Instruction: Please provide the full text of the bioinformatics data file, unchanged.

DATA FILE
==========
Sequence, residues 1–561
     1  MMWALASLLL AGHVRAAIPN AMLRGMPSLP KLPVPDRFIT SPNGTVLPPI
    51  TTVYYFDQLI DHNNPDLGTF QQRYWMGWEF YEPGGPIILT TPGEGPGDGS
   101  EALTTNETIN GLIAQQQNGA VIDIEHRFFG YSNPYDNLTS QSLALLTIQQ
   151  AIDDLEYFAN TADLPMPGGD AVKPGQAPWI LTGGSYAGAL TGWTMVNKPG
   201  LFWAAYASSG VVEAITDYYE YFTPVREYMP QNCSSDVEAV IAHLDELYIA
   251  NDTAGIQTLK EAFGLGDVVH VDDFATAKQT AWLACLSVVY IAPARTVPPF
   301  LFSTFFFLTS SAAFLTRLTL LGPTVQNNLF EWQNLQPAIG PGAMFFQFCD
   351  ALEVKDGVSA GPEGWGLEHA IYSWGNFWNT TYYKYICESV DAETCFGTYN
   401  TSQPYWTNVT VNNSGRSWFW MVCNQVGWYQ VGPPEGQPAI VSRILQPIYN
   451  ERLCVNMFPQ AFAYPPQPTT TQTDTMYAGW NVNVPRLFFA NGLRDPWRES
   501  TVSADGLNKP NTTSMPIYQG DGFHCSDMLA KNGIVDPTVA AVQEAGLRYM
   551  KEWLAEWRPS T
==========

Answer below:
Sequence, residues 1–561
     1  MMWALASLLL AGHVRAAIPN AMLRGMPSLP KLPVPDRFIT SPNGTVLPPI
    51  TTVYYFDQLI DHNNPDLGTF QQRYWMGWEF YEPGGPIILT TPGEGPGDGS
   101  EALTTNETIN GLIAQQQNGA VIDIEHRFFG YSNPYDNLTS QSLALLTIQQ
   151  AIDDLEYFAN TADLPMPGGD AVKPGQAPWI LTGGSYAGAL TGWTMVNKPG
   201  LFWAAYASSG VVEAITDYYE YFTPVREYMP QNCSSDVEAV IAHLDELYIA
   251  NDTAGIQTLK EAFGLGDVVH VDDFATAKQT AWLACLSVVY IAPARTVPPF
   301  LFSTFFFLTS SAAFLTRLTL LGPTVQNNLF EWQNLQPAIG PGAMFFQFCD
   351  ALEVKDGVSA GPEGWGLEHA IYSWGNFWNT TYYKYICESV DAETCFGTYN
   401  TSQPYWTNVT VNNSGRSWFW MVCNQVGWYQ VGPPEGQPAI VSRILQPIYN
   451  ERLCVNMFPQ AFAYPPQPTT TQTDTMYAGW NVNVPRLFFA NGLRDPWRES
   501  TVSADGLNKP NTTSMPIYQG DGFHCSDMLA KNGIVDPTVA AVQEAGLRYM
   551  KEWLAEWRPS T